Good Stuff: Shifting Borders by Jessie Kwak

BORDERSA ghost-possession story where the possessing entity is the victim? What’s not to love?

Shifting Borders takes you into a reality tweaked just slightly out of tun with ours – it’s set in a Seattle with just as much drizzle, traffic, diversity and tribulation as the real deal, but with demonstrably real ghosts. The story starts with grief – not shattering, melodramatic grief, but the later, numb, hollow feeling as new loss becomes part of the new normal. Moved by sympathy (and the road to hell is paved in what, my friends?) to give her younger sister Val a chance to say goodbye to her departed boyfriend, Patricia agrees to help Val raise Marco’s ghost. The intervention of drug-running thugs throws a wrench in the works, and Patricia ends up with Marco’s ghost stuck inside of her.

As a Latina single mother in an expensive American city, Patricia’s life keeping her family on the straight and narrow had been a struggle before. Now, with her sister’s boyfriend’s ghost shacking up inside her manifesting all sorts of poltergeisty urges, and her pincushion hot mess of a sister bringing violent drug smugglers and black magic into her life, Patricia loses her grip on what normalcy and security she had managed to hold onto.

The hits in this supernatural murder-mystery keep piling up on Patricia as the consequences of her sister’s illicit dealings spill over into her life, drawing her and her family into ever-increasing peril, and it is her strength as a mother and protector that – shakily at first, but with growing confidence as the situation becomes more desperate – pulls her through a multi-layered confrontation with evil.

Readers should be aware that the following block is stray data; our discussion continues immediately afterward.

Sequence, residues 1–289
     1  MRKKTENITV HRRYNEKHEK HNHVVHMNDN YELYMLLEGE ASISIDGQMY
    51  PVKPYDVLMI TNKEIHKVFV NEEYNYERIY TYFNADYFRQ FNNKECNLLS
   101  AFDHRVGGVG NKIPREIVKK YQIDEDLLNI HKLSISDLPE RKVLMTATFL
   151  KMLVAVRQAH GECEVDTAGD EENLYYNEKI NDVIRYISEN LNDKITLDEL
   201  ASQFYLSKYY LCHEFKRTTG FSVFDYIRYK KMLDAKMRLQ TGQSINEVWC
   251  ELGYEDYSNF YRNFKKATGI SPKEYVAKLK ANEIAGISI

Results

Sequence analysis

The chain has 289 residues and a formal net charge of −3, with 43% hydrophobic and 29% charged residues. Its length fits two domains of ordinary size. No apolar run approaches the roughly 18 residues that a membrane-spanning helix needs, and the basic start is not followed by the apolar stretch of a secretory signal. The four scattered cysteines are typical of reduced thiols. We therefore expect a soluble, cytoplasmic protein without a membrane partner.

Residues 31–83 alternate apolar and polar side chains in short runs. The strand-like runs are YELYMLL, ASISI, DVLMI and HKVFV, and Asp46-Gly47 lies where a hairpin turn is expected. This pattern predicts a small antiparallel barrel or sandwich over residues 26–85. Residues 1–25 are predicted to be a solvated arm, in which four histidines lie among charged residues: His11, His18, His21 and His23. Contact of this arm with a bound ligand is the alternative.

Expository world-building is one of my touchstones, and mad props go to Jessie Kwak for keeping this story rooted in direct, realistic experience, and allowing the fantastic elements to unfold naturally, without dragging the pace down with exposition. The story comes to us fresh, unencumbered, and immediately realistic. Indeed, despite the fantastic elements, this is in no way a fairy tale. It even side-steps many of the common temptations of fantasy – magic is alive and powerful in this story, but it provides no release from grief or pain. The dead can speak, but coping with loss and fighting back to a life of joy and healing still happens only with time and the gentle application – and willing acceptance – of the more simple human magic we all know.

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